We've finally returned from two shows back to back. The week before last we exhibited at the International Quilt Festival in Houston and this last week we exhibited at the Knitting and Stitching in Dublin.
What an interesting stretch of days. What a tiring stream of days.
I am very fortunate that we could take part and I'm delighted that we successfully exhibited at both. This week we finalise the latest issue, so it is such a productive month!
My thoughts in this post were to summarise the two shows individually, and of course in comparison.
The Houston show was immense. Naturally it is dedicated to quilting, so everyone shares one love. Apparently the attendance numbers were down, the isles quieter than past years. As a first-time exhibitor, this was not as obvious to myself. Four years I have been traveling to Houston (three as nonexhibitor) and not once have I made it to see the quilts on show. One year, I will find some stolen time and I will check out the quilts on display. If you have been to either Houston Market or Festival, you will understand the overwhelming amount to see and do in a short span of time.
The Knitting and Stitching show in Dublin continues to grow each year. This year it arrived later in November and I wondered if the miss of school break would make a difference in the crowds. School's in session, and yet, the isles were still crowded. In fact, it would appear some schools made the tour so children did not miss out. As a 'knitting and stitching' event, there was a great mixture of craft enthusiasts. Unlike at the Houston event, I did have help in Dublin and I was able to chat with customers and vendors alike. I also saw the incredible display of quilts--many marking the 30th anniversary of the Irish Patchwork Society.
With a great showing of vendors (Oakshott, Van Gogh, multiple Irish quilt shops). The first thing I learned from the vendors was that the mixed crowd (knitting and stitching) was increased work for them. Even at our booth, we realised the impact of non quilters with the many queries for the nonexistent pricing our quilts on display. Several non-stitching visitors were confused as to what product was being sold, whereas quilters were well educated on a quilt booth's wares.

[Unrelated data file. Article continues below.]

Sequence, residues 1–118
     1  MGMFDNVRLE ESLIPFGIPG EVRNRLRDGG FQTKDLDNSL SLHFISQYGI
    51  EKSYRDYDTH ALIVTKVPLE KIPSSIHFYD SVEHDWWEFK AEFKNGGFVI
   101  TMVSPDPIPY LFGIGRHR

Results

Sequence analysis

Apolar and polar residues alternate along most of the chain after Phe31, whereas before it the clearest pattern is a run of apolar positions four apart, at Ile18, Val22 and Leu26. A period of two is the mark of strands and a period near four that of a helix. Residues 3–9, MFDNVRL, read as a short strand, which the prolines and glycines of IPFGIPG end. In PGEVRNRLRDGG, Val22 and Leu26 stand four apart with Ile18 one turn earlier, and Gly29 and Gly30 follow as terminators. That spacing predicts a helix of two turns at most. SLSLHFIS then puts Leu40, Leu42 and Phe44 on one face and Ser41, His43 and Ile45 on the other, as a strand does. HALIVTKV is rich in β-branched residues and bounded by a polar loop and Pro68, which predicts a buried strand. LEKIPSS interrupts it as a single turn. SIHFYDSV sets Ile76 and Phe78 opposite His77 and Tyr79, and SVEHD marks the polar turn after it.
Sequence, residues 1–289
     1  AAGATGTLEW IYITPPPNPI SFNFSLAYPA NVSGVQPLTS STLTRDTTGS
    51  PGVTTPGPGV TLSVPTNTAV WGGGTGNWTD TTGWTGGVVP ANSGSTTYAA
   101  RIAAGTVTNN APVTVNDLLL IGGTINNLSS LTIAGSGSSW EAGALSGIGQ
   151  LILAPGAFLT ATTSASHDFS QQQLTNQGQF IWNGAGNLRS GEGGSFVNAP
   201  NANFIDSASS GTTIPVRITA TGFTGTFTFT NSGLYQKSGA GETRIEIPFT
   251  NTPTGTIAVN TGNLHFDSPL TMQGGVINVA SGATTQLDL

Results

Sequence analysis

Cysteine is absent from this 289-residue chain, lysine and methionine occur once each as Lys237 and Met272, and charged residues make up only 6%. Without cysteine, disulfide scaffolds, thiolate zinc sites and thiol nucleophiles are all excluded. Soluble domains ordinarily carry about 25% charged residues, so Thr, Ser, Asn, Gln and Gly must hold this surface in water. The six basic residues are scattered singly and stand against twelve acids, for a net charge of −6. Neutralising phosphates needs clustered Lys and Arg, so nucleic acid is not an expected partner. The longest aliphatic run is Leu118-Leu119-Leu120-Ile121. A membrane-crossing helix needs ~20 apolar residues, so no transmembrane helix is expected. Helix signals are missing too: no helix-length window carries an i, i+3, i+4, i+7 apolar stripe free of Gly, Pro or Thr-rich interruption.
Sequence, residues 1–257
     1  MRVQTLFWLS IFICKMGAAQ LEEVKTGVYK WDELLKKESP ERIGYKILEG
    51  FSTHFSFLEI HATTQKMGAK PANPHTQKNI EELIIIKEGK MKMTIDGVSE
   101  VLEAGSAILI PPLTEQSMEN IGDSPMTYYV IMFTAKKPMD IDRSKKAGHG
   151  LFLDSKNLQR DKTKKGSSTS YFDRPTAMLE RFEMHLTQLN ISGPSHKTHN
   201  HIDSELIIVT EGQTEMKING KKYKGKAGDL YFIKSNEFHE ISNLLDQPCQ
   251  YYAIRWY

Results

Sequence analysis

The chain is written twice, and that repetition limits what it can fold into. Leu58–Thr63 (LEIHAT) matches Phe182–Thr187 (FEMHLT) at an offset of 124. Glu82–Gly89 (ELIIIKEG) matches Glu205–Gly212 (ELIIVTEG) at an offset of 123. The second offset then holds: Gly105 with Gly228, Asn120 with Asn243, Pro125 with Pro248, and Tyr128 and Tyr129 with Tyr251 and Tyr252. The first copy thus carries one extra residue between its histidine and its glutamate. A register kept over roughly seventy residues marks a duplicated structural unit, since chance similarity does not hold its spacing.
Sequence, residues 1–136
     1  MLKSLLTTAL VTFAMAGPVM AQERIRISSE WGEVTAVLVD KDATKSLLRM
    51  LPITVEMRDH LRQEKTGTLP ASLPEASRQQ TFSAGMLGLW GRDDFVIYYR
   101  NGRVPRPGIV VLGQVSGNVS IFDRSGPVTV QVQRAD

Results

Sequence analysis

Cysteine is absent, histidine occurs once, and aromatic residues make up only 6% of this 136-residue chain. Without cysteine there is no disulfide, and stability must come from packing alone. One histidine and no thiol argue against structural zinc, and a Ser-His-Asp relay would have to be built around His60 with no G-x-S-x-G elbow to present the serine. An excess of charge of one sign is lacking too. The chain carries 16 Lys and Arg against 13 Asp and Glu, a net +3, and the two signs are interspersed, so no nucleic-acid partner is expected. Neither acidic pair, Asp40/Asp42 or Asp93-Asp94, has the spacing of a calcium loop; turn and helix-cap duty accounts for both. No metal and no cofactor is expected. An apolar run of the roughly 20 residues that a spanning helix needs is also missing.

Interested readers were ample at both shows, making our attendance well worth the effort.
As both shows happened one after another, I amused my travel times both in car and plane comparing the two events. Perhaps unfairly.
The Houston show caters to a full blown industry of quilters. The Dublin show is for craft enthusiasts. Both shows had education and workshops and so the biggest difference was in the vending. And, of course economics played a role as well, but in general, I could see finances being a distinct concern for the people of both continents.
There were no beginner quilters in Houston--no one outting themselves to me, anyway. Whereas in Dublin, from the nonquilting crowd, the beginners were out and proud; so many folks wanting to learn patchwork, wanting to find quilting teachers.
The quilters in Houston were finding a new affection for embellishing and creating art quilts like those that European quilters do so regularily.
Finally, other marked differences are simply summed up in two words: customer behavior. For fear of getting into trouble, but for want to share my amusement, I leave it with you to guess which clientele carries which attribute:
In one show among the upbeat and happy, there were some weirdos. The ones that know no personal space, those that ramble on about nothing, those that leave you wondering, "what was that all about?"
In the other show among the upbeat and happy, there were some contrary. The ones with a sour puss, the ones that gripe as if you are forcing them to buy, the ones that leave you wondering, "what was that all about?"
In truth, it doesn't matter which is which, I've come to learn that the same resolution is true for both of them. I listen. Because he/she is my customer. I listen. If I can do something to help them, I will. I listen, because they want to be heard.
Isn't that we all want?